Since I took practically all week to report last time, and since I have a little time tonight. I thought I'd make an early report of yesterday's game. You can find the complete set of photos (including some not appearing here) at http://www.ludism.org/scpix/20000422/. This week, Marty carefully cleaned the pix up manually, so they'll look a little better than the crude automatic fixes I've been doing -- plus, I used "fine" instead of "standard" mode on the camera.
Present last night were me (Ron), Marty, Paul Unwin, and John Braley. It was a non-Cosmic night, and we only had time for one game: The Settlers of Catan. This was quite a treat for me, as I had heard a lot about Settlers but had never before played. I think everyone reading this knows how to play, so I won't belabor the rules, just give my impressions.
First off, Paul, whose copy of Settlers it was, explained the rules to us. Since he had played it many times, he offered to handicap himself, but we turned him down. He won, so maybe we ought to have handicapped him by a couple of points. Next time we won't be such beginners anymore, and Paul won't likely be so generous... ;-)
Here are Paul and John early in the game:
That's an ice bag on Paul's hand -- he had a mysterious swelling on one knuckle from which acid-spewing Aliens threatened to erupt at any minute.
I heard Paul say that the Ore resource is important late in the game, when people build cities, so I placed my settlements on Mountain hexes, whence cometh Ore. When the Ore started rolling in, I built cities early, and obtained a lead that lasted throughout most of the game. Everybody else was building roads and settlements last night; Marty actually ran out of settlement tokens, and pulled ahead at various points because she had so darn many on the board. Here it is, by the way:
And here's Marty scheming to dominate Catan economically:
I had hardly any roads and 3 cities. Two were on one hex, a Mountain, so when a 10 was rolled I got quadruple Ore just from that one hex, and double something else from another 10 hex. Everyone else was building long roads and trying to see if they could steal the Longest Road card (2 points). That was a game I couldn't win. I had no Timber hexes (roads need Timber), so I concentrated instead on building cities and buying Development cards. Each of those cost a Sheep, an Ore, and a Grain, and I usually had plenty of Sheep and Ore -- that's almost all I had -- so I was constantly trading for Grain with other people. This strategy -- trading for Grain and buying Development cards -- backfired in a big way late in the game when I revealed my 3 Soldier cards (Development cards), grabbed the Largest Army card for 2 points and foolishly revealed my Market (a Dev. card worth 1 more point) before I had to. (I thought people would figure I had a card worth 1 or 2 points anyway, but I didn't realise how many Development cards were worth no points at all. I found out, to my cost, when I was trying to get the ONE LAST POINT.)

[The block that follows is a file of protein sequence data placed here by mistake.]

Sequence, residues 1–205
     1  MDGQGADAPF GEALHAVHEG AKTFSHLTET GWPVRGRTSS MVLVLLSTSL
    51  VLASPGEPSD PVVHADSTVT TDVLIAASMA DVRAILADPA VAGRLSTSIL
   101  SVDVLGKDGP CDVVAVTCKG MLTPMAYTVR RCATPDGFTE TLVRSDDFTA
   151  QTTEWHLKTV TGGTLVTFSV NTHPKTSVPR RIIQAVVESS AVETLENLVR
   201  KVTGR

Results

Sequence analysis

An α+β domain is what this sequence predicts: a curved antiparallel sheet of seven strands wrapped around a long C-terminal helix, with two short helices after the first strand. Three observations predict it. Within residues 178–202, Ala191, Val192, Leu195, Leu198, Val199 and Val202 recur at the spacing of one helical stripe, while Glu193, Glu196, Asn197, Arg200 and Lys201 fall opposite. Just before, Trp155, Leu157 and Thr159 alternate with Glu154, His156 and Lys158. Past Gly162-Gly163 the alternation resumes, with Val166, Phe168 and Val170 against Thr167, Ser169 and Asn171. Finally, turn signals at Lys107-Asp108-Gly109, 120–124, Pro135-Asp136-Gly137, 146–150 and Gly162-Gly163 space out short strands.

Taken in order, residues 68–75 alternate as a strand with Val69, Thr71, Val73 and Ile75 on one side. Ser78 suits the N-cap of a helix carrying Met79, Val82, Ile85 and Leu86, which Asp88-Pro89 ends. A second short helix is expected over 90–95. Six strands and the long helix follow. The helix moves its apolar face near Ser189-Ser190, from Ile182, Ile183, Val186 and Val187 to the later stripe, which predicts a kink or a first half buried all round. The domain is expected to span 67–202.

After getting the Largest Army card and revealing my Market, I was at 9 points, just 1 point shy of winning the game. Suddenly my source of Grain cards dried up as no one wanted to trade with me anymore for some reason... :-) My Ore and Sheep cards started drying up too, because everyone started playing the Robber on me. (Did I mention how freakin' OFTEN we rolled the Robber last night?) In these straits, I couldn't obtain any more Development cards for sex or money, so I went turn after turn without obtaining that ONE LAST POINT. The final blow came when John built his army up one Soldier higher than mine, and took away my Largest Army card. John was furthest behind, and observed wryly, "Underdeveloped nations often have the largest militaries."
Our dogs Gwenyth and Tia were out and about last night and behaved themselves very well. Gwenyth decided to break the tension with some comic relief at this point. She had recently been liberated of The Bucket, a torture device invented by medieval veterinarians to prevent dogs from licking themselves and creating "hot spots" bare of fur, and, well, evidently she felt lonely for The Bucket...
I was now down to 7 points, and Paul, who had snuck up to 9 points already, just needed a turn or two to get that final point and win the game. His Fabulous Prize was an unplayed copy of the cyberpunk CCG NetRunner. Here he is showing it off:
Overall, I liked Settlers, but can't see what all the fuss is about. Maybe if I played it more... This was Marty's second time (at least), and she had the same reaction. Even Paul said that it wasn't as explosively fun as he had remembered. Maybe the world has now seen too many German games, or maybe I'm just spoiled by Cosmic Encounter, about which it was remarked on Usenet, "it was a German game before there were German games."
Speaking of which, sports fans, we'll be playing Cosmic at the next game night. I'd like to get an early head count, since several people have already said they're not coming. John Braley is going to see Michael Palin at the UDub, and thanks to John's generous gift of a spare ticket, so is Marty. I believe Paul said he's not coming (right, Paul?). Of the regulars, that leaves Dave, Mark, and Luke (who may now have a car, yay!). As usual, if we can get 3 players, including me, we'll have game night. So who's coming?
p.s. We didn't play Focus last night, but I've been practising and beat Marty the last two times I played her, so maybe I won't do embarrassingly badly against others....
Saturday, 29 April 2000, 8:00 PM at Ron and Marty's in Kent.
Remember, game nights at Ron and Marty's are every Saturday at 8:00 PM. Come play for fun and FABULOUS PRIZES!
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